Stillborn babies lost decades ago 'must be traced'
Oct 22, · What did the hospitals do with Stillborn babies in the s? Today when a woman has a stillborn baby, most often the stillborn baby is treated as a deceased infant; its turned over to a funeral. He nodded toward the window and I looked out on the oldest gravestones. it used to be known as The Paupers’ Plot, where the State buried the dead for families with no means. Stillborn babies were sometimes put at the foot of the coffins.” I decided to ring the cemetery Norman had talked about.
Families that lost babies more than 40 years ago should be told where baibes remains are, a cross-party group of MPs has said ahead of a Commons debate.
Before the s, when a woman had a miscarriage or gave birth to a stillborn hte, medical staff took the baby away quickly. They were rarely given time to grieve or hold their child, which was buried or cremated in an undisclosed place. The MP for Swansea East's mother gave birth to a stillborn girl in And her baby was taken away before she could say goodbye. After tracing a baby for a friend, Paula Jackson set up a website offering to help other families.
In the past 15 years, she has helped to trace nearly babies through stullborn charity Brief Lives Remembered. Why didn't I look at him?
It was too late, he'd gone," Yvonne said. Next morning - ready to go home, that was it. Paula said the women were kept in maternity wards, surrounded by mothers and their new babies, and in some instances were asked to breastfeed when others needed help. And in Aldershot Military Cemetery - where Paula traced the first "lost" baby - each plot was identifiable by a green marker. You need to talk it out. Brief Lives Remembered. Her family believes the baby was buried with someone else but they were never told where.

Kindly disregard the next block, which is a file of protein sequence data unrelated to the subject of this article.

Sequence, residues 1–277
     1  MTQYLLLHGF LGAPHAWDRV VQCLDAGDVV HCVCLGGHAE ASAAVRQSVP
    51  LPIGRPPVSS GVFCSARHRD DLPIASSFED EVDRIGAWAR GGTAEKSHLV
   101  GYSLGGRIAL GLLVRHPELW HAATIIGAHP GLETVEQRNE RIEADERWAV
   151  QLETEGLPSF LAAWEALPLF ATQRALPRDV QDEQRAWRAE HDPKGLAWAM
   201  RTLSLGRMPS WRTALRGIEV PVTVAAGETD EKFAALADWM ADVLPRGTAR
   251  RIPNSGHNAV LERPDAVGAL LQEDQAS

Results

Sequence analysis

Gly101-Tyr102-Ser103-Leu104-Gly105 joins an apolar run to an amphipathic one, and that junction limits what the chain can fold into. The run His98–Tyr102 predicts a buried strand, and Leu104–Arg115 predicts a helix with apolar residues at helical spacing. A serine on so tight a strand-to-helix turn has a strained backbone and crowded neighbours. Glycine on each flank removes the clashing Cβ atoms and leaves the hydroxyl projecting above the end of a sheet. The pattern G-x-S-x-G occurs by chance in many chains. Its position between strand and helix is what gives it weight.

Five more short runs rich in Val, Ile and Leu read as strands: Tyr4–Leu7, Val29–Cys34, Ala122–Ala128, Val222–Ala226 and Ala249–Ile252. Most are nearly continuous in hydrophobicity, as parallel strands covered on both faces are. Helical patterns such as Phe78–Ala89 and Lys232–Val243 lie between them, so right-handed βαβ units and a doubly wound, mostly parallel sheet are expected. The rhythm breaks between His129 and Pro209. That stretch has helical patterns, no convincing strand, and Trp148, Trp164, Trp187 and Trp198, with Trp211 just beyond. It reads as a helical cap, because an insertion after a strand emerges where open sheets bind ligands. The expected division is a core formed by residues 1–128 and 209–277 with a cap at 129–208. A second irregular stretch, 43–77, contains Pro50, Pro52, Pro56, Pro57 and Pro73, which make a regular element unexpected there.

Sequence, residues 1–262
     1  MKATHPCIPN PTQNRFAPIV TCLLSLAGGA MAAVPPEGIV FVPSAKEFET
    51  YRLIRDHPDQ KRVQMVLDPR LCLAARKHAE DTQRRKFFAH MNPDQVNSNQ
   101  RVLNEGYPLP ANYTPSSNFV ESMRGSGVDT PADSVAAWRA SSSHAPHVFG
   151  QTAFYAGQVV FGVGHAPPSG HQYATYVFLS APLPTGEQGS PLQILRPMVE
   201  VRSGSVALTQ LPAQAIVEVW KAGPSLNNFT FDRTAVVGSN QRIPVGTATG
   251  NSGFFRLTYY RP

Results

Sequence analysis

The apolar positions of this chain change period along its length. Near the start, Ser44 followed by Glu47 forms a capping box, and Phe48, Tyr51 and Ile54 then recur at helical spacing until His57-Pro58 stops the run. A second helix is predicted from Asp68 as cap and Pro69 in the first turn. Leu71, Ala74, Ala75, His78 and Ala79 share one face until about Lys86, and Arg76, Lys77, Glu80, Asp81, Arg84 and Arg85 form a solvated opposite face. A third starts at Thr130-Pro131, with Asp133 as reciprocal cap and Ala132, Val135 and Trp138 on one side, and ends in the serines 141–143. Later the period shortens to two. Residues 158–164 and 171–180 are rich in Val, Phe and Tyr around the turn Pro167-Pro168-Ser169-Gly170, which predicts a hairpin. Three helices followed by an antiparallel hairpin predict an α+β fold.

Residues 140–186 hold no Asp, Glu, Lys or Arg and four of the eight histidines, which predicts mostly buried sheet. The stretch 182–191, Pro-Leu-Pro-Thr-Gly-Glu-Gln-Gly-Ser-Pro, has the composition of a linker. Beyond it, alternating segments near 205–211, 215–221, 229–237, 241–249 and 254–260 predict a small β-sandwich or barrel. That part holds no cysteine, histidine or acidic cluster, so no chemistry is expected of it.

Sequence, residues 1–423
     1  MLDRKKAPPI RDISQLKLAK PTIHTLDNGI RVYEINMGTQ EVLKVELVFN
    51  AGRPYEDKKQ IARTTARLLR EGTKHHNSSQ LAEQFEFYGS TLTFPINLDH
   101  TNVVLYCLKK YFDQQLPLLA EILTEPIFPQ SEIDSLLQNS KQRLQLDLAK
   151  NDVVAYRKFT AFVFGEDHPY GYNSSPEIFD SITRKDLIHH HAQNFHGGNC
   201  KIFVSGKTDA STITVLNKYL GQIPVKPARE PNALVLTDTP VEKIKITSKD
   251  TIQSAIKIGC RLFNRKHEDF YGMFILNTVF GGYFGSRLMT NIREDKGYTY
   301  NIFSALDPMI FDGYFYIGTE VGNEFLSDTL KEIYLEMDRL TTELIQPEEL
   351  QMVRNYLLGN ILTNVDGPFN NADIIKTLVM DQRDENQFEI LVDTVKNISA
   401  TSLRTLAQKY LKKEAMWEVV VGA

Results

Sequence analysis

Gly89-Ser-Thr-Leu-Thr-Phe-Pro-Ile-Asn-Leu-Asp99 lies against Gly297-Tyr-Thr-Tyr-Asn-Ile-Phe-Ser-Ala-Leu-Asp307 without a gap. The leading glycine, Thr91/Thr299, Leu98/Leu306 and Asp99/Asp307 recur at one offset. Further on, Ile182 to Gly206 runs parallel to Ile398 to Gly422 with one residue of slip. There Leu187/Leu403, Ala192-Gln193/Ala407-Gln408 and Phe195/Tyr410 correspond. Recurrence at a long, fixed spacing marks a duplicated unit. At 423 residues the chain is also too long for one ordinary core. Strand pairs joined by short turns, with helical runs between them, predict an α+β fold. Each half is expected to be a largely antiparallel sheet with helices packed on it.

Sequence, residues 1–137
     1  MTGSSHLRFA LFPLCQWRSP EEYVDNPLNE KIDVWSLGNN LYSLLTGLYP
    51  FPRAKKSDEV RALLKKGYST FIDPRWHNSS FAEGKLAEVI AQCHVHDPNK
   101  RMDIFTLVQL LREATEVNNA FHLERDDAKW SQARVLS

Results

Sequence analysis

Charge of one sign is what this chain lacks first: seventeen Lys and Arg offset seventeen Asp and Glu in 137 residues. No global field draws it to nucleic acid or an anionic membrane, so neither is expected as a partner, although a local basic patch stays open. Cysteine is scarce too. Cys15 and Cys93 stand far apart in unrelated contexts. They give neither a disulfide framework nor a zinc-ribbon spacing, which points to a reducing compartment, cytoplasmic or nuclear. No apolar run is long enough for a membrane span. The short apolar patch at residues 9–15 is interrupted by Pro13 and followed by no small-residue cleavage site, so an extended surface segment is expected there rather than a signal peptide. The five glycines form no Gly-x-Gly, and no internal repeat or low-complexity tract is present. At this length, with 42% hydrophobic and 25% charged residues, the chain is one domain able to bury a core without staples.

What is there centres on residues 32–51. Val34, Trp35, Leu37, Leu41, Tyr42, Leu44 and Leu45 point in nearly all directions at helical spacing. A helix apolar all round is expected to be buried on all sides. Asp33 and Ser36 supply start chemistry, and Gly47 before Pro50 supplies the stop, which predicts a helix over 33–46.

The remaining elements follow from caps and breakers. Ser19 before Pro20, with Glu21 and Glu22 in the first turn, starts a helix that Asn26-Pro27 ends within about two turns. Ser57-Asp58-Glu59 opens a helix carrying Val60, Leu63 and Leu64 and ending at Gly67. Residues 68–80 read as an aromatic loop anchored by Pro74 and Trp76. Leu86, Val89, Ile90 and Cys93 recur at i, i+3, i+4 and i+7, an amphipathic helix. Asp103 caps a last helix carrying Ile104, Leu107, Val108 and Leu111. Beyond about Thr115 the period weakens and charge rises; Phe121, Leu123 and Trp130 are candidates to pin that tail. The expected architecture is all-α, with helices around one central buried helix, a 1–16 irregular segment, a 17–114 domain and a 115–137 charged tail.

Communal plot. Yvonne, one of the women Paula has helped, gave birth to a stillborn son 40 years ago. Paula said families were effectively asked to carry on as though nothing how to make a balloon dog instructions happened. Left gravestones. In some military cemeteries, each baby was given their own burial plot. Some families have now traced their babies and left gravestones.
Others are left nameless. Nowadays, families are taken to a separate room to grieve and spend time with their child. Memory boxes are also provided, which include photos and hand prints. Carolyn Harris believes her mother suffered post-traumatic stress disorder.
The MP's own son, Martin, died at the age of eight. Related Topics. Related Internet Links.
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By Gary Lee. May 3, U.S. government researchers conducted radiation tests on stillborn babies in Chicago during the s, the Department of Energy reported yesterday, in the latest. Feb 05, · Stillborn babies lost decades ago 'must be traced'. Families that lost babies more than 40 years ago should be told where their remains are, a cross-party group of MPs has said ahead of a . Jan 31, · The huge burial site is believed to hold the remains of more than 40 babies who were stillborn in the s. It was discovered covered with .